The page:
Dickeson--Throw Away the Crystal Ball
Budgeting. Scheduling. Loading. Financial reporting. Estimating. Production standards. Capacity utilization. We're talking about the heart and soul of printing administration. They all rely on a common function: forecasting.
We spend gobs of valuable time and energy predicting the future for those systems. Then we try to operate the business using assumptions we develop from those forecasts.
Want to know a sickening truth? As prognosticators, we're lousy. We're all plain stupid when it comes to making good guesses about what's going to happen. So why do we waste so much time with crystal balls? You tell me.
Am I saying we're all a bunch of crummy managers? No. Not at all. The reason we're not is that we proceed to make our daily—our hourly—decisions by ignoring the assumptions based on those flimsy forecasts most of the time. So why do we spend time and energy consulting a truth fairy to foretell what's going to transpire? You tell me.
No. I'll tell you. We do it because it's "tradition." It would throw thousands of "experts" out of work if we didn't. Where would all the financial advisers, economists, oracles, accountants, planners and wizards find work? Forecasts for the business are mostly dreams—fantasies—and we enjoy dreams more than the harsh realities of every day.
I'll bet you're either in shock at this point or about to heave your copy of this publication into the trash. But you won't because you know that what I'm saying is the truth, and you're fascinated. "How can we survive without our metaphors?" you're asking.
We printers are not an exception. No one can say which direction the ball will bounce. Neither the president, nor the Congress, nor the OMB can forecast the deficit or surplus for a fiscal year. No one can tell you which way the stock market is heading—though pundits abound.
Billions are being bet on communication mergers based on assumptions of which bandwidth media will triumph. Will it be cable, ADSL, wireless from satellite, or something entirely different? All the CIA experts can't begin to tell you the survival probabilities of Fidel, Saddam or Slobodan—our current demons.
Forecasters of the Future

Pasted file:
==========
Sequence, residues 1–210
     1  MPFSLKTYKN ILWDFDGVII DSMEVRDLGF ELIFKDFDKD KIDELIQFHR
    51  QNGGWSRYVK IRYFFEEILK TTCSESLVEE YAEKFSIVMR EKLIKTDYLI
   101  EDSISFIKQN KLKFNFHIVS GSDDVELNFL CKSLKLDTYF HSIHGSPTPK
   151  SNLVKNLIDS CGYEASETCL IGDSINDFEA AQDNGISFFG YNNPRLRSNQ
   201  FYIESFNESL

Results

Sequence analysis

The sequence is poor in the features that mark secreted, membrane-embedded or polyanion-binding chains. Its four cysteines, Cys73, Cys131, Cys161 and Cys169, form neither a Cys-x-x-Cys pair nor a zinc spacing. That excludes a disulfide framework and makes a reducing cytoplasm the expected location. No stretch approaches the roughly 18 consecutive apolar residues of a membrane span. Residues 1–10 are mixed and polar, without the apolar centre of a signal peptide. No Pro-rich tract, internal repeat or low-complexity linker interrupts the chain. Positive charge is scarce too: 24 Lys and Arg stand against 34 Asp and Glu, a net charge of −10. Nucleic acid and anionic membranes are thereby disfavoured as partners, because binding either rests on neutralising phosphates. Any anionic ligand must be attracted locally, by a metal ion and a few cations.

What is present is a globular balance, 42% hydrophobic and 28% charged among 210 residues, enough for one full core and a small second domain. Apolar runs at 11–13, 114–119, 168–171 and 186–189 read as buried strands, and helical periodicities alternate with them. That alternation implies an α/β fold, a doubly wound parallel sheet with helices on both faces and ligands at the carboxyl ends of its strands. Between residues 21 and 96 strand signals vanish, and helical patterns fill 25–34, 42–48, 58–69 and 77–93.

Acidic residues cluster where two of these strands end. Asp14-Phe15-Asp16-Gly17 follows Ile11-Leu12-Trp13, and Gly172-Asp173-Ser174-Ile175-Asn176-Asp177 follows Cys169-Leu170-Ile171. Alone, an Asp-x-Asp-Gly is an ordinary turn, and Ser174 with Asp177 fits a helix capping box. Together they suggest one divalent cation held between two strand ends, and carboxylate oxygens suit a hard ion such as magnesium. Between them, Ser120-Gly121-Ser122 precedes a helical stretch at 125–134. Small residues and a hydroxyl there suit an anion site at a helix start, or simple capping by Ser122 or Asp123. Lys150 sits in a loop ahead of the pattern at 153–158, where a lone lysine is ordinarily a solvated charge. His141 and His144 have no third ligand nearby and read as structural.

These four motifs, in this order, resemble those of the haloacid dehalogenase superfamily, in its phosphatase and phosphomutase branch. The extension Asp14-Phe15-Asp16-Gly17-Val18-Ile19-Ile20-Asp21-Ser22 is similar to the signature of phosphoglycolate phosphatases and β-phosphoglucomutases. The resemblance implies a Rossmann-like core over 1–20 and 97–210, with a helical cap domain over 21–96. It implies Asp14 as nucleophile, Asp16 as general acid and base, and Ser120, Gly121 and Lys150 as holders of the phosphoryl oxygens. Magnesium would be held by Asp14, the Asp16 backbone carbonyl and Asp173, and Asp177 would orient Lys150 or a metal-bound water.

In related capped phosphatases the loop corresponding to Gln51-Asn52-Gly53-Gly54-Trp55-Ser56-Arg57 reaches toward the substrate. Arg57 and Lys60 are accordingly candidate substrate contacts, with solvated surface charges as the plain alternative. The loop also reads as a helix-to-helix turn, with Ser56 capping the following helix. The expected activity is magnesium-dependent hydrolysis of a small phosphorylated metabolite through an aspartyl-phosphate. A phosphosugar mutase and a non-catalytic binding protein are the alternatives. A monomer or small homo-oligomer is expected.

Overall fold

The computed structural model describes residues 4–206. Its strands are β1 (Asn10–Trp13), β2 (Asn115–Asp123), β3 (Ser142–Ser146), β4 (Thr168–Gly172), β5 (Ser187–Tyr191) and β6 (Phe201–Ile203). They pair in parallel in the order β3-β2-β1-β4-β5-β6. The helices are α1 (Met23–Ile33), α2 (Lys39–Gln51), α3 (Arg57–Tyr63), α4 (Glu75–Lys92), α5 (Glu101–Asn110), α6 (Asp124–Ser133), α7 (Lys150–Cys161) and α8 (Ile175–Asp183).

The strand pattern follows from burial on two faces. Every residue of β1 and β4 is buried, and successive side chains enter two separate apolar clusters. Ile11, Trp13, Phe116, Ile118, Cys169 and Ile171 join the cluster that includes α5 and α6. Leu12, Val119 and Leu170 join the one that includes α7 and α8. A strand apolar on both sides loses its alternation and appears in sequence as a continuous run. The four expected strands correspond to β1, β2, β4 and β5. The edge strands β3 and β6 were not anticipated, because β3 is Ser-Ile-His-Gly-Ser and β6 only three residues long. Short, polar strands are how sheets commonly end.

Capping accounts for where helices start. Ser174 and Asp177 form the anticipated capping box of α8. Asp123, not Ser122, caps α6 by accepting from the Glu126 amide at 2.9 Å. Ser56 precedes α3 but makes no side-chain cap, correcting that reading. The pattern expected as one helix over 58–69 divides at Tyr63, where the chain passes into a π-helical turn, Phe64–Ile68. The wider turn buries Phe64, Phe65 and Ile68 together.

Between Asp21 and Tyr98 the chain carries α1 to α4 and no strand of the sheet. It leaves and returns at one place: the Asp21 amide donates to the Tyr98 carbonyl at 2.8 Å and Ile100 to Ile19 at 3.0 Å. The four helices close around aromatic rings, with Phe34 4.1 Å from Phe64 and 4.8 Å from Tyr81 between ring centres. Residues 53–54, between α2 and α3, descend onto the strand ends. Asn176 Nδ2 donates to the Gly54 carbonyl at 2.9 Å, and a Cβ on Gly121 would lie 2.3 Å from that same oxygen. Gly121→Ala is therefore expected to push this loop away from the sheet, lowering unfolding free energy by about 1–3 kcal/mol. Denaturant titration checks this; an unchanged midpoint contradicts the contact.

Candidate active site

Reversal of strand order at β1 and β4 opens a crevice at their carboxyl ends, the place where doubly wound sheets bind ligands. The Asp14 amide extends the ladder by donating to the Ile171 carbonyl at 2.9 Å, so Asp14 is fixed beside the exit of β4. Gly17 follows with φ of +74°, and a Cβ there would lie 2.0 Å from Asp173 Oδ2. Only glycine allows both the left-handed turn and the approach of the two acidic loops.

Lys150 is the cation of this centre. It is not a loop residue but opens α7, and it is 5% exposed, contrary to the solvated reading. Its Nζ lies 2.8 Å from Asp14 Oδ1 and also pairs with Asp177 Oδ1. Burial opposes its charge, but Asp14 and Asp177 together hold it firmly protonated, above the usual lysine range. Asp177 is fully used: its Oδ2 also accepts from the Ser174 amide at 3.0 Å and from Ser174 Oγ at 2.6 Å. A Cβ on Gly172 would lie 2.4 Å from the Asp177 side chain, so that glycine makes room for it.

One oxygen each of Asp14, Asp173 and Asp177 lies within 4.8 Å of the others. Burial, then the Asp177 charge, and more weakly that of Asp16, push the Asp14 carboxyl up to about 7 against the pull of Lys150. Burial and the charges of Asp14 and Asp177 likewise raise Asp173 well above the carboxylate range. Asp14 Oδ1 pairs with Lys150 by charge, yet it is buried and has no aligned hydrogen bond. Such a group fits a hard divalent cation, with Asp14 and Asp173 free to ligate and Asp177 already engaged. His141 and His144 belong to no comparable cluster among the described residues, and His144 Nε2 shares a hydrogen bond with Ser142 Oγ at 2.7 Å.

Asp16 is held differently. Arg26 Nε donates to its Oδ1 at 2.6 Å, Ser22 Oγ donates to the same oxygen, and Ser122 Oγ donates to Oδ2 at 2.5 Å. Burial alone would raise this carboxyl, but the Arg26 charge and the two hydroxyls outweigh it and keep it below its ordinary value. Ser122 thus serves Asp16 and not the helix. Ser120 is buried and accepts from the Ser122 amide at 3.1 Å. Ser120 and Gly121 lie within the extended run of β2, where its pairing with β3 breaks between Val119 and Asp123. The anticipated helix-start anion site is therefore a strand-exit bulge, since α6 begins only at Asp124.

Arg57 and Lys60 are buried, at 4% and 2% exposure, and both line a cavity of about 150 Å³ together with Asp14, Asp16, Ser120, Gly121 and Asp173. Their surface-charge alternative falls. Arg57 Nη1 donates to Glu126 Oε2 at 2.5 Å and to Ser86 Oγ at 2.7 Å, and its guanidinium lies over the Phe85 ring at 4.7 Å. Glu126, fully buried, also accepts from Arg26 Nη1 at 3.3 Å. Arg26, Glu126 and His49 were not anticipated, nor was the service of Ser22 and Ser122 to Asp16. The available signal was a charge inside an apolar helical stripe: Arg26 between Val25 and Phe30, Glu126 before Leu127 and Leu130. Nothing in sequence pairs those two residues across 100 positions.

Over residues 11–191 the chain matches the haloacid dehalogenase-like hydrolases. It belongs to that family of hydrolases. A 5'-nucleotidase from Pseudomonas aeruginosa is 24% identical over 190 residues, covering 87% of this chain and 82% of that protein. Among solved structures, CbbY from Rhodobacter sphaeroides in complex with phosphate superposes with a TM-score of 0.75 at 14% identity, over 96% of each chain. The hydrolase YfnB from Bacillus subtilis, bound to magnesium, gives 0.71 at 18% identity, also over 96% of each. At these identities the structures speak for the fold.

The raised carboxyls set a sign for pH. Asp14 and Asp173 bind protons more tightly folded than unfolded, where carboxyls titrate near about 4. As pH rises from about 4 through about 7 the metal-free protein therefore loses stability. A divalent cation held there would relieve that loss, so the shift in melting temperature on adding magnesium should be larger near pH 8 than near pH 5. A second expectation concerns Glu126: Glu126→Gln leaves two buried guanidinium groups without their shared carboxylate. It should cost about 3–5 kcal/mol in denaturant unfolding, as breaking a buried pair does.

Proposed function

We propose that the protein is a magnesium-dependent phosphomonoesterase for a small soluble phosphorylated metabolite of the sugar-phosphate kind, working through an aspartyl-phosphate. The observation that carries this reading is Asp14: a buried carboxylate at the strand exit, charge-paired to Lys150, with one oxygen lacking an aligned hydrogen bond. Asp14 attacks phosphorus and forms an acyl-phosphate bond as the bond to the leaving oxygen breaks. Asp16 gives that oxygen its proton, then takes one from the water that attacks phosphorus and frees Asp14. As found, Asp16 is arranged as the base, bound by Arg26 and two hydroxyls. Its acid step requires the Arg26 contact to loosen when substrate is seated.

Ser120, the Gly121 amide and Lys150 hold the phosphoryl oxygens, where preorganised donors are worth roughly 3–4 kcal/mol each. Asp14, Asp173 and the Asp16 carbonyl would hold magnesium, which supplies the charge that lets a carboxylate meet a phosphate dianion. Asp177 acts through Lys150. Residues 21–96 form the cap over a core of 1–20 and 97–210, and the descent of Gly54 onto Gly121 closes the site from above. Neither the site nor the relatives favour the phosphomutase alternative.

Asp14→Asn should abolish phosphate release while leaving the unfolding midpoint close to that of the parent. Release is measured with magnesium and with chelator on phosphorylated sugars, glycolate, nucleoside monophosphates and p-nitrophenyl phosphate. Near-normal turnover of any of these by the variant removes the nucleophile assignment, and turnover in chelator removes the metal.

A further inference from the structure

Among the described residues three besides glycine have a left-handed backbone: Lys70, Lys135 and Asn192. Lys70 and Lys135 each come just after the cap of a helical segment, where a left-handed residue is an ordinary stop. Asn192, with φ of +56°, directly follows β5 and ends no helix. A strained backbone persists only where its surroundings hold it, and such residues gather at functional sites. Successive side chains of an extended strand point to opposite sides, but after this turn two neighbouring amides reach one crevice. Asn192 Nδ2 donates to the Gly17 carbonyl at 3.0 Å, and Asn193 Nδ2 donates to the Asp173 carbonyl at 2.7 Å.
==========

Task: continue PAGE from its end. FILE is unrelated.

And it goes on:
As forecasters of the future, we're all ignorant. For one thing, we haven't yet fully recognized the truth and implications of Chaos Theory. Even though we know that minor shifts in input will provoke major changes in results, we still won't concede its validity. It's too great a shift of prevailing paradigms to swallow readily. Nonetheless, small changes in input are going to happen. They always do.
We need to develop the humility of meteorologists. They forecast weather conditions for only five days ahead. Even so, the fourth and fifth days have lower probability of accuracy than the first two or three. They've learned from years of experience that their predictions beyond five days are worthless. Always those small changes, the variables they couldn't contemplate, screw up the outlook.
Now ask yourself how many days in advance you can predict future behavior of the critical elements of your business. It's different for each item, isn't it? Try doing a sales and expense budget for just next month. Then check it against actual results. Extend the exercise to two months. Then three—for a quarter.
Where's your meteorological "five day" probability? Where should your humility index be pegged? Now tell me what credence or credibility you give a 12-month sales budget. Are you laughing? You should be. Three-year forecasts? Give me a break!
Instead of trying to predict your way through the mists of the future, why not just "project" past experience into the future, using a spreadsheet to give a shape to your fantasy? Or perhaps use the same rolling quarter last year as a benchmark for the upcoming three months? Just something simple. Do anything that gives you a feeling of comfort, if you need it. But don't waste a lot of time doing it.
Don't berate yourself or your associates because your dream didn't pan out. Don't waste their time demanding they play the forecasting games. Don't send job standards (forecasts) to the production floor, or you'll have the troops laughing! If "actual" doesn't equal the "budget" column, it just shows that you can't forecast. (Exactly what I'm saying!) Simplify and concentrate on what's really important for survival of the business.
The most significant business factors are happening outside the business, not inside. The RATE of change outside our print businesses is rapid—bandwidth, the Internet, new analog camera technology (Foveon), customer shopping methods and information resources. It's all-important for survival to keep pace with change—just to react, not proact, by guessing what will happen.
Read the trade/technology journals. Identify the best search engines on the Web to find out what's going on. Talk to your customers and "listen in the cracks" to what they DON'T say, as well as what they do say. All those activities outside the shop walls take time, intense concentration and, most of all, that painful effort called thinking. Precious hours spent in external responsiveness are extremely valuable to the business.
Want to be an entrepreneur in today's exploding economy? Then get real. You are not a stand-in for the Oracle of Delphi. We're all confused, baffled, by what's happening around us—and to us—from the president of the United States down to Joe Average running the corner repro shop.
Figure out the right things to be doing and just do them! Not to worry about forecasts.
—Roger V. Dickeson
About the Author
Roger Dickeson is a printing productivity consultant based in The Woodlands, TX. He can be reached via e-mail at email@example.com or by fax at (281) 419-8213.